Book Review: “The Resurrectionist” (2013) by E.B. Hudspeth

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The anatomy of a siren.

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When I first saw this book I was in a bookstore in Liverpool and I fell in love the second I opened it to a random page. I looked, saw, closed it again, and said “yep, you’re coming with me.” The page I saw had an detailed anatomical drawing of a pegasus (you know, a mythological horse with wings), complete with a list of Latin terms for all the different bones and muscles. Have I piqued your interest yet?

The Resurrectionist: The Lost Work of Dr. Spencer Black is part fictional biography, part anatomical sketches, and tells the story of a nineteenth-century surgeon who tries to develop his theory that mythological creatures were our evolutionary ancestors. The biography is fairly dry and not too interesting if you’re already familiar with Frankenstein or H.P. Lovecraft, but thankfully it’s only 65 pages long (warning: the story gets quite gory. Skip if you’re sensitive about vivisection). However, the main appeal of the book are the drawings. They are detailed, well thought out, and look completely believable. If you’ve ever wondered what the respiratory system of a siren looks like, this book can tell you.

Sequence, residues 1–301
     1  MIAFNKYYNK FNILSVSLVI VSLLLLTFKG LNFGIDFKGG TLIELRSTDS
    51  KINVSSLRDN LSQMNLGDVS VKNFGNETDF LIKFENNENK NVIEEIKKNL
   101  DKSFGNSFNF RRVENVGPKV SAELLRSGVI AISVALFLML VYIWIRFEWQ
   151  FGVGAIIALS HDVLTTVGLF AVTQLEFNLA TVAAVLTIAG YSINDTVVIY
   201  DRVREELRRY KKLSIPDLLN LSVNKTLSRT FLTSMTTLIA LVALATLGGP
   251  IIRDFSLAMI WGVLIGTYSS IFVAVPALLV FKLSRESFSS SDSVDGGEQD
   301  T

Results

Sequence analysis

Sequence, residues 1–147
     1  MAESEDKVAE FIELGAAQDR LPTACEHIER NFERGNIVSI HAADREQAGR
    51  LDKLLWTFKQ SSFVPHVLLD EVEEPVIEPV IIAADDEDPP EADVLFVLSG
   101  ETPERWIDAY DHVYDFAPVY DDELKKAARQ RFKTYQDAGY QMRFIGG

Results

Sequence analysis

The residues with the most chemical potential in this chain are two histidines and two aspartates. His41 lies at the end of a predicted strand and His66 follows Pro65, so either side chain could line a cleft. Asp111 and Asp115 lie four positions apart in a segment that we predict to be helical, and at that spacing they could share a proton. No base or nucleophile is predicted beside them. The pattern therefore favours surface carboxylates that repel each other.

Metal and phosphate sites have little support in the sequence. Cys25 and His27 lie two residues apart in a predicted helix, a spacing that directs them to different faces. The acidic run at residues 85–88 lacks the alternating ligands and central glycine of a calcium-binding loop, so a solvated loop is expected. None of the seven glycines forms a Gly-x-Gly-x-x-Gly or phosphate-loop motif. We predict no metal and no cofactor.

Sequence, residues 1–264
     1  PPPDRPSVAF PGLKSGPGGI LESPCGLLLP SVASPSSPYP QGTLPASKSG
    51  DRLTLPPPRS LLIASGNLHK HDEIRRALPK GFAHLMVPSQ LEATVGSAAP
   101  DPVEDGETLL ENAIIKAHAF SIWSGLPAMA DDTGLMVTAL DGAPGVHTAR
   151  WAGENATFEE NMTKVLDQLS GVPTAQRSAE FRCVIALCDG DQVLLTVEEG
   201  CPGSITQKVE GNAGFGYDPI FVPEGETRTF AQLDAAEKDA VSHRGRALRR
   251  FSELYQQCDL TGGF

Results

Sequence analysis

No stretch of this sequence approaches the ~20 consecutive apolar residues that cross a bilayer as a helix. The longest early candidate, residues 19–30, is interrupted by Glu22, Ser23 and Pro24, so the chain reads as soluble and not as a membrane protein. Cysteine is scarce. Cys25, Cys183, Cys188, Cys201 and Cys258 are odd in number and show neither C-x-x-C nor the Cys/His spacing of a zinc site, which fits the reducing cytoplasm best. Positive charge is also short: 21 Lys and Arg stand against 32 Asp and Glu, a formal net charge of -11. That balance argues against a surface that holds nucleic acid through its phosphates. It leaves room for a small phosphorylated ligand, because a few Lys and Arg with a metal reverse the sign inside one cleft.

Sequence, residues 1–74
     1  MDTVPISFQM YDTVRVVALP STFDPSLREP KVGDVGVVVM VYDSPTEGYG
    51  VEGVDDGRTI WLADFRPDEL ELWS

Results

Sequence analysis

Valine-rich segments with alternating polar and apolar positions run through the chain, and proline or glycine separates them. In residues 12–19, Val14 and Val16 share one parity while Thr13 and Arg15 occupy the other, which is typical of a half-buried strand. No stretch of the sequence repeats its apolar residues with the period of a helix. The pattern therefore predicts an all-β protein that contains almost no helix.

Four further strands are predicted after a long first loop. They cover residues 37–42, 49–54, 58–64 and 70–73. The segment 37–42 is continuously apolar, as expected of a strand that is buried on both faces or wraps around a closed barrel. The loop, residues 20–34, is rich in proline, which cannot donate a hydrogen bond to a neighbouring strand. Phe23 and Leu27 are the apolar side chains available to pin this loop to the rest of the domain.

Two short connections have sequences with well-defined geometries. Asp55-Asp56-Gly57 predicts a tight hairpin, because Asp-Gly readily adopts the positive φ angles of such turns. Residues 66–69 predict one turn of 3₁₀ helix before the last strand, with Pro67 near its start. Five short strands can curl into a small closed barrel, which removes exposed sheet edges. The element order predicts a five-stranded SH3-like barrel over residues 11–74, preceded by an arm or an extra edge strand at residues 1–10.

The writing may not be very impressive, but the artwork makes this book a great curiosity, perfect if you’re a coffee-table display kind of person or want to trick your children into believing that centaurs are real.

Either.

Both.


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